# How to deal with numbers and abbreviations?

So when creating datasets, how do I deal with numbers and abbreviations? What is the best way?

• When the speaker said One, should I write ‘1’ or ‘one’?
• When the speaker said Doctor, should I write ‘dr’ or ‘doctor’?

Hi @thegame,

Firstly a huge thank you for contributing to the Common Voice project!

I am just a community member, not a staff member, but would like to provide some information here.

The Common Voice Playbook has a lot of excellent information around how to approach collecting a text corpus but in reading it, it does not provide guidance on your questions above.

In general, abbreviations should be written in full - such as “Saint” for “St”, “street” for “st”, “avenue” for “ave”, “doctor” for “Dr” and so on. This is due to how speech recognition algorithms work, and specifically how they predict characters from audio recordings (such as connectionist temporal classification (CTC). If the abbreviations are given as abbreviations in the text corpus, the model becomes inaccurate.

Numbers should be written in cardinal form: “one hundred and twenty three”, not “123”. There are two reasons for this. Firstly, most speech algorithms use audio-to-character prediction, and we want the model to learn what the numerals sound like so that the model can generalise from say “one hundred and twenty three” to “two hundred and thirty one” - it needs to learn phrases like “thirty” and “twenty”. Secondly, different dialects of English phrase the same written numbers differently. I’m Australian, so I say “one hundred and ninety nine”. Americans are more like to say “one hundred ninety nine” (no “and”). So, by writing the numbers in full, the person speaking the sentence is going to say the same words, not interpret the numbers “199” differently. Again, this has implications for model accuracy.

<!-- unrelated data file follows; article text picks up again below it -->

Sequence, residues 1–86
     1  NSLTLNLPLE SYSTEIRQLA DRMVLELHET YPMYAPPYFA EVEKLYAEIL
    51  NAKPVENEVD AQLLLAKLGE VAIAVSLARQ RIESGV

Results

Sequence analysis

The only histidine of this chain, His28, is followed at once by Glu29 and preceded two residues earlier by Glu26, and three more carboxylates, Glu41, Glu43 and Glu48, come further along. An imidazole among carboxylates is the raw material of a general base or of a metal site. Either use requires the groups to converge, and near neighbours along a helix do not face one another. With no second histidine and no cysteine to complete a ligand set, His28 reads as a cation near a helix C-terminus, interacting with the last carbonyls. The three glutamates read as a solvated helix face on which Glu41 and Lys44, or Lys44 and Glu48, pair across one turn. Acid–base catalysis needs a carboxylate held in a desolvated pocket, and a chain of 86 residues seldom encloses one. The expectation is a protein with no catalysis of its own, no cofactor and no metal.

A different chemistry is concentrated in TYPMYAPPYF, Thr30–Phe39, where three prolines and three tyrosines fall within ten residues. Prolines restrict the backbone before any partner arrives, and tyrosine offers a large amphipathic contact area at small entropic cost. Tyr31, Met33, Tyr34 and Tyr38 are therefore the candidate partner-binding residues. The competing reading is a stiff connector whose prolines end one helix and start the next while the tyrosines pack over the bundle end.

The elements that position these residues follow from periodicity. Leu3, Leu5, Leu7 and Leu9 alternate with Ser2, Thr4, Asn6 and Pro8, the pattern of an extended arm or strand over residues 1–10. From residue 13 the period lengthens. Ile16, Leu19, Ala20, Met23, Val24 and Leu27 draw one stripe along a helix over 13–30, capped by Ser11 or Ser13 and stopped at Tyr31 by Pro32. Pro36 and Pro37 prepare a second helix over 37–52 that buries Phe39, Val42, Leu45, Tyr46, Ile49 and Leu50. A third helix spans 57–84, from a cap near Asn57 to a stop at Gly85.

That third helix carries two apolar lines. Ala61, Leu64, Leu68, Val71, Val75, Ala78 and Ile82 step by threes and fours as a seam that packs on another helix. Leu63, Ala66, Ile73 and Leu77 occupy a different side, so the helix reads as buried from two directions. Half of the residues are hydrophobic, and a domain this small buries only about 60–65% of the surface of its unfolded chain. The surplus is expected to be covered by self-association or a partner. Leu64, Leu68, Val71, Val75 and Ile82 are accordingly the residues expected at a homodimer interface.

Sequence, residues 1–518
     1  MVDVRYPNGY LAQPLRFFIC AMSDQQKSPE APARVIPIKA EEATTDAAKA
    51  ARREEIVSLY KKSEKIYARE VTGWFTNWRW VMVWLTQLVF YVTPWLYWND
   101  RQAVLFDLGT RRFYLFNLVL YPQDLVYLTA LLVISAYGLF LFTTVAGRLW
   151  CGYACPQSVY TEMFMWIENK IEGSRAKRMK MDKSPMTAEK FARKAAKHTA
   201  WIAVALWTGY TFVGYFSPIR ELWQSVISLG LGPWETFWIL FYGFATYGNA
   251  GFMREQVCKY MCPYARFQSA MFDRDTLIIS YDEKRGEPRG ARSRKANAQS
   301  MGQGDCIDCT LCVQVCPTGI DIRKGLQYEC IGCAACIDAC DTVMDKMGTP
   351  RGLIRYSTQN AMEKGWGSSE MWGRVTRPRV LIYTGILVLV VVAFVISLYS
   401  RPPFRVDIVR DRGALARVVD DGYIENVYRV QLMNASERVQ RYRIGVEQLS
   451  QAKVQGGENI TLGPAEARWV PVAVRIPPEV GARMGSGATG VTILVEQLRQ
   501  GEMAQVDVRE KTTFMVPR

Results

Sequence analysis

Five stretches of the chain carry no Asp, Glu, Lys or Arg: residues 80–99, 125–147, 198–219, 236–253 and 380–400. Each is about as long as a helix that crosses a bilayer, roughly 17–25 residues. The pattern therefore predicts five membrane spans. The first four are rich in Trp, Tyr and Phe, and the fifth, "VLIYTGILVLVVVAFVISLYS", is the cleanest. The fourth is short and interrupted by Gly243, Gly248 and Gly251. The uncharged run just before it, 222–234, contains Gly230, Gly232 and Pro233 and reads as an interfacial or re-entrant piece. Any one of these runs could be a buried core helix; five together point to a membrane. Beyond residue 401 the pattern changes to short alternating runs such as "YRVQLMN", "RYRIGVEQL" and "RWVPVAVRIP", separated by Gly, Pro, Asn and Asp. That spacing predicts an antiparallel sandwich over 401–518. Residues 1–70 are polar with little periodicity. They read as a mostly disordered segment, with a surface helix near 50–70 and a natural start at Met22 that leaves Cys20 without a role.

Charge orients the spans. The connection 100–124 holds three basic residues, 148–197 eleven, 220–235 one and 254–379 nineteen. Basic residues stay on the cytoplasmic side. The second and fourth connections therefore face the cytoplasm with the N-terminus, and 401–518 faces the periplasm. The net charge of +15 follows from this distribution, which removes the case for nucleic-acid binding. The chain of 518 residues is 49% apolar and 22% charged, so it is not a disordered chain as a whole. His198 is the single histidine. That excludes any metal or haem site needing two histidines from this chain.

Many speech recognition models then predict these sorts of words in full - so if I say “seven hundred and sixty five”, the output will be “seven hundred and sixty five” not “765”. A separate model called inverse normalisation is then applied to predict “765” from “seven hundred and sixty five”. This is an open problem in natural language processing because there is so much variation in natural language. For example, if I say “twelve fifty”, do I mean:

• 1250hrs
• 12.50pm
• 12.50am
• \$12.50
• £12.50
• 1250
• 12-50
• TwelveFifty Nightclub

and all of these could be correct, depending on the context.

In summary, you should spell out abbreviations and numbers.

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Many speech recognition models then predict these sorts of words in full - so if I say “seven hundred and sixty five”, the output will be “seven hundred and sixty five” not “765”.

Unfortunately, this is not the case for Open-AI Whisper, the pre-trained models do output digits. The answer is correct, in a way, but when you run automated tests to get CER/WER against the original Common Voice sentence, you get worse results.

One way to get “a more correct” CER/WER value is to postprocess the transcription and convert the numeric value to cardinal form, but it is not easy as it will be language and dialect-dependent as @kathyreid emphasized.

It is certainly not a good practice for a model to behave like this, because it loses information from the speech. In some applications, where you should enter some numbers, you can benefit from it of course.

Fortunately, there is a workaround by pre-handling them at the tokenizer stage, like the one described in one of the discussions on the Whisper repo.

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I strongly agree with @bozden here - Whisper should do cardinal form then use separate layer to do inverse normalisation so that the inverse normalisation can be dropped and fine-tuned for different dialects. Excellent explanation, thank you!

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